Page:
In recent months, five employees and owners of a publishing company that is critical of the Chinese regime have disappeared. Lee Bo, the latest to vanish, was last seen in a Hong Kong warehouse on December 30, 2015. Later that day, Lee called his wife from a phone number in Shenzhen, a mainland city across the border from Hong Kong. Presumably speaking under duress and paraphrasing his captors, Lee told his wife that if he “cooperated,” he would be “dealt with leniently.” He said he was “assisting investigations” and would not be back for a while.
“Hong Kong is an autonomous region with a strong democratic will, and it should be no place for Chinese authorities to conduct their authoritarian business,” said HRF president Thor Halvorssen. “China signed a bilateral agreement with the British to maintain Hong Kong’s civil liberties for half a century starting in 1997. Abducting critical book publishers in Hong Kong territory not only violates this agreement, it is also an attempt to turn Hong Kong into a satellite dictatorship of China’s Communist Party. Mainland authorities must release the five publishers at once, and refrain from repressing the people of Hong Kong,” Halvorssen concluded.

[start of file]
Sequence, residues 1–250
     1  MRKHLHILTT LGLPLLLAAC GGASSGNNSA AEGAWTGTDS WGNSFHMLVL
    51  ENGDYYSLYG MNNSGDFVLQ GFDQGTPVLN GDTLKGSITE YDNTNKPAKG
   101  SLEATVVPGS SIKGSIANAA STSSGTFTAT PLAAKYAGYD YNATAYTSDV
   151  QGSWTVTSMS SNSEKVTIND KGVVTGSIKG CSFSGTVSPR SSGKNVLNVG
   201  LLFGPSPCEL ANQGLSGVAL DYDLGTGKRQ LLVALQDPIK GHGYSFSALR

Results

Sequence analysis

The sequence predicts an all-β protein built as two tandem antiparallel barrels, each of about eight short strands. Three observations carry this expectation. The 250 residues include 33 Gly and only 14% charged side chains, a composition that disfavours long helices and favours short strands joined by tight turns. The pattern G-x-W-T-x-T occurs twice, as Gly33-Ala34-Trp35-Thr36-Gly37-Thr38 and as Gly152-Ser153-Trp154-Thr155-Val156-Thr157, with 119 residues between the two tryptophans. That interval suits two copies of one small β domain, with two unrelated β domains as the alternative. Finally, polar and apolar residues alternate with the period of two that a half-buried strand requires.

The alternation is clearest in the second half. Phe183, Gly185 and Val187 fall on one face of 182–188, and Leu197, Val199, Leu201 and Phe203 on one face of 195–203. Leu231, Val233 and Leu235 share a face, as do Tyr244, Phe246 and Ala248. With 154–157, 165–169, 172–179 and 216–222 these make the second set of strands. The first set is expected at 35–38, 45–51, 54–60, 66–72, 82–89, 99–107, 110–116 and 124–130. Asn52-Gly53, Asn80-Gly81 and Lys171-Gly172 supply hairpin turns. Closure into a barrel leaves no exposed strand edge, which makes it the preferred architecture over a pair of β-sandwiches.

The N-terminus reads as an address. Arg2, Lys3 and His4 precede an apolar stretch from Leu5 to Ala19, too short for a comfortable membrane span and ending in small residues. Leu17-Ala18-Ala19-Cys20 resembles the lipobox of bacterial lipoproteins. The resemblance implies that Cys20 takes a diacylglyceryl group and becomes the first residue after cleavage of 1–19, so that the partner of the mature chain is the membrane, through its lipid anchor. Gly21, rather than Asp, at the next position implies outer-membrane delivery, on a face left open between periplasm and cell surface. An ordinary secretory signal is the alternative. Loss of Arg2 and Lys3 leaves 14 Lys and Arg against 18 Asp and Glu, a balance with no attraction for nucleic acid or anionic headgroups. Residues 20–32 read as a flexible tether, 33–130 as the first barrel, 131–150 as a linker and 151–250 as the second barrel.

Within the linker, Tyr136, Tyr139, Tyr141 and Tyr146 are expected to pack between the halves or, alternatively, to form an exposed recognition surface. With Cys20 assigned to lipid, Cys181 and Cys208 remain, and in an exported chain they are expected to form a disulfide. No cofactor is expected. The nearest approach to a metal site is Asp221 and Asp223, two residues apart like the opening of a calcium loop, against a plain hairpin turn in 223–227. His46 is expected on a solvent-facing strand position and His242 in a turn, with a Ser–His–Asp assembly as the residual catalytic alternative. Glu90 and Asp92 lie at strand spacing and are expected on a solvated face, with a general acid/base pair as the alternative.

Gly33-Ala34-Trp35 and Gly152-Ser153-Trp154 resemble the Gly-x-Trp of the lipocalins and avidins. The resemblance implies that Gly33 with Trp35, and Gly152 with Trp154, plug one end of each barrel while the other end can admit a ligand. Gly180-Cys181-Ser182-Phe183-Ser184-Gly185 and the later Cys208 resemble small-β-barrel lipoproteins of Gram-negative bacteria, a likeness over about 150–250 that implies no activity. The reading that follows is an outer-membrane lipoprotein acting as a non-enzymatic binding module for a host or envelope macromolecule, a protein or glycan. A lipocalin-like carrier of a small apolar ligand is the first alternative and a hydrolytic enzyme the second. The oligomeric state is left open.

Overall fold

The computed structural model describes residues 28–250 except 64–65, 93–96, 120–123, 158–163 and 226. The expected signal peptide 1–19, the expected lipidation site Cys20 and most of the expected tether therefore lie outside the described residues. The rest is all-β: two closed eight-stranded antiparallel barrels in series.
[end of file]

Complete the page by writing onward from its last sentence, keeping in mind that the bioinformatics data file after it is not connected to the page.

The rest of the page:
The phone call by Lee Bo to his family is highly suggestive that Lee may have been abducted to mainland China by Beijing emissaries, because his wife found his Home Return Permit at home and Hong Kong police said that there were no recent records of Lee leaving Hong Kong. A Home Return Permit is required for Hong Kong citizens to cross the border into mainland China. Under the Basic Law of Hong Kong, mainland police authorities cannot operate in the autonomous region.
With the signing of the 1984 Sino-British Joint Declaration, Britain transferred sovereignty over Hong Kong to China in 1997, and both powers agreed that a “one country, two systems” structure would preserve Hong Kong’s civil liberties until 2047. Under Article 3, Section 5 of the agreement, “the rights and freedoms, including those of the person, of speech, of the press, of assembly, of association, of travel, of movement, of correspondence, of strike, of choice of occupation, of academic research, and of religious belief will be ensured by law” in Hong Kong, and respected by China.
Human Rights Foundation (HRF) is a nonpartisan nonprofit organization that promotes and protects human rights globally, with a focus on closed societies.
Read this release in Chinese here.
Contact: Noemi Gonzalo-Bilbao, (212) 246-8486, email@example.com